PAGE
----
It is unsure what the birds symbolized; but it is thought that they represent the bateleur eagle – a good omen, protective spirit and messenger of the gods in Shona culture. The most prevalent theory is that they were the emblems of the royalty.

From the crest of Zimbabwe

Its most formidable edifice, commonly referred to as the Great Enclosure, has walls as high as 11 meters,  extending approximately 250 meters, making it the largest ancient structure south of the Sahara Desert.


There was iron-age mining of metal, and of gold discovered at the site. There is speculation about the amount of gold extracted, and it certainly was used as a major trade commodity along with ivory. Some estimates indicate that more than 20 million ounces of gold were extracted from the ground. This, of course, took many years (decades) to realise.


The ruins were rediscovered during a hunting trip in 1867 by Adam Render, a German-American hunter, prospector and trader in southern Africa, who in 1871 showed the ruins to Karl Mauch, a German explorer and geographer of Africa.

Karl Mauch recorded the ruins 3 September 1871, and immediately speculated about a possible Biblical association with King Solomon and the Queen of Sheba, an explanation which had been suggested by earlier writers such as the Portuguese João dos Santos. Mauch went so far as to favour a legend that the structures were built to replicate the palace of the Queen of Sheba in Jerusalem, and claimed a wooden lintel at the site must be Lebanese cedar,  brought by Phoenicians. The Sheba legend, as promoted by Mauch, became so pervasive in the white settler community as to cause the later scholar James Theodore Bent to say: –

“The names of King Solomon and the Queen of Sheba were on everybody’s lips, and have become so distasteful to us that we never expect to hear them again without an involuntary shudder.”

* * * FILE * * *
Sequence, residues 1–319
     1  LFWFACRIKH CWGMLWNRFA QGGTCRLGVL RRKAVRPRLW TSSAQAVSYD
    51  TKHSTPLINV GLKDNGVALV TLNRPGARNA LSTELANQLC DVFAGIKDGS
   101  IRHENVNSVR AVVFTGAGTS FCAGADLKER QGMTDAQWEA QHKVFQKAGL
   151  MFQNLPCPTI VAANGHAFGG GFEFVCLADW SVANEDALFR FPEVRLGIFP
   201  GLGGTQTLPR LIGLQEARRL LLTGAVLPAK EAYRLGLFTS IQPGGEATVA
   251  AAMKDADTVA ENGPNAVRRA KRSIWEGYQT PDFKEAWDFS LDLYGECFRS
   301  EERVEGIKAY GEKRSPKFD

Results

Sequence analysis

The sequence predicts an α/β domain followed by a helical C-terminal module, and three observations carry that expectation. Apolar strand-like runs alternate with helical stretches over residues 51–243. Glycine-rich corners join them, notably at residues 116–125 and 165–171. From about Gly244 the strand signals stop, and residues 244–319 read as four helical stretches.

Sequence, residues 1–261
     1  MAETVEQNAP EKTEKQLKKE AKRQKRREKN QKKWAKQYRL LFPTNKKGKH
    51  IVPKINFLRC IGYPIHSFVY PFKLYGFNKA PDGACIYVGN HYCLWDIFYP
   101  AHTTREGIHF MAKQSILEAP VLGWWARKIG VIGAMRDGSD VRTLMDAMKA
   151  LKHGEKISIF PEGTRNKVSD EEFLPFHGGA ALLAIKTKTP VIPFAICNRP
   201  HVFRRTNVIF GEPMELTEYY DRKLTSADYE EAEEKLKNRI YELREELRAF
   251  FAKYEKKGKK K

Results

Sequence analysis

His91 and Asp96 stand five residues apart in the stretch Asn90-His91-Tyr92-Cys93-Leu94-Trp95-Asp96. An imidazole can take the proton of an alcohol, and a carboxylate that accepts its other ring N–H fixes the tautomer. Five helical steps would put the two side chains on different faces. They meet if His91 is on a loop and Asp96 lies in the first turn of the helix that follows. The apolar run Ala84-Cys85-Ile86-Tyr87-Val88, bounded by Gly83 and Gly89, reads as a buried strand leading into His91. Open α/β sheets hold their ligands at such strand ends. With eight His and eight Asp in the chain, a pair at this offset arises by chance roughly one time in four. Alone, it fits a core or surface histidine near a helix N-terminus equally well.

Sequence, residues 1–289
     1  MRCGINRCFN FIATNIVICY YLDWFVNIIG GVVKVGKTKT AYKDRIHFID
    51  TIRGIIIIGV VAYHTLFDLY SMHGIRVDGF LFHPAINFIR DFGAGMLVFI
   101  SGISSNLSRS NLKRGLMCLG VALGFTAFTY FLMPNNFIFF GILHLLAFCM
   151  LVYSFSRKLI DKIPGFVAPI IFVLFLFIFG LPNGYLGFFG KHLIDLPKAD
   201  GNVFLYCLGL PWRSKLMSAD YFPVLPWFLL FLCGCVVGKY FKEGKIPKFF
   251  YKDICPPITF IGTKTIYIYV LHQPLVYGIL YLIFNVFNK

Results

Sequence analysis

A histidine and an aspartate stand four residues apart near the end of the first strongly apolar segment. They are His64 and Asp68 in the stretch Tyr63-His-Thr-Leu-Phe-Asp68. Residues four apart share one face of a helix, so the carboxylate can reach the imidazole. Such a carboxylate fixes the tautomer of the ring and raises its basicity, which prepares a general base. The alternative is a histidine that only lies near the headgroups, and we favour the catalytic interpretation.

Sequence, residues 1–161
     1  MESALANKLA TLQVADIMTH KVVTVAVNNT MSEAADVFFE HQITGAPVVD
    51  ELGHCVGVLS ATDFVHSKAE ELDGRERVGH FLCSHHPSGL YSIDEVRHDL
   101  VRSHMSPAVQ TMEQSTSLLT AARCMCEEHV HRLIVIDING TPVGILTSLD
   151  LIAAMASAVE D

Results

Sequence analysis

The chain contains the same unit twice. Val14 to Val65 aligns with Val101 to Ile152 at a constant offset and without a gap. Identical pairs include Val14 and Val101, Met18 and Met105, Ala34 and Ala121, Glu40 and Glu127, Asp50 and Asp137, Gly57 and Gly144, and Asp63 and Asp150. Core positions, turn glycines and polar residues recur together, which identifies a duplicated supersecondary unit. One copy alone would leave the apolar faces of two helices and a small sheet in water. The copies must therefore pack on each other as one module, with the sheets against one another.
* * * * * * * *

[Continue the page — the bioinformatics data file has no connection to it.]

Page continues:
These issues of Gold and King Solomon’s Mines formed the basis of Rider Haggard’s adventures stories.


Sir Henry Rider Haggard was a prolific writer and produced some 58 fiction and 10 non-fiction books.

King Solomon’s Mines (1886) was one of the first fiction books and used the discovery of the Great Zimbabwe Ruins as the foundation of the story; Haggard was living in Transvaal, South Africa, at the time. The hugely popular King Solomon’s Mines is sometimes considered the first of the Lost World genre. She and Allan Quatermain followed.  

She is generally considered to be one of the classics of imaginative literature, and with 83 million copies sold by 1965, it is one of the best-selling books of all time.

H Rider Haggard

The 1965 film She was produced by Hammer File Productions; it starred Ursula Andress as Ayesha and John Richardson as her re-incarnated lover.

 Allan Quatermain formed the template for the Indiana Jones series of films.

 Look to King Solomon’s Mines for a good idea on the feel and tone Lucas and Spielberg were after with their Indiana Jones outings.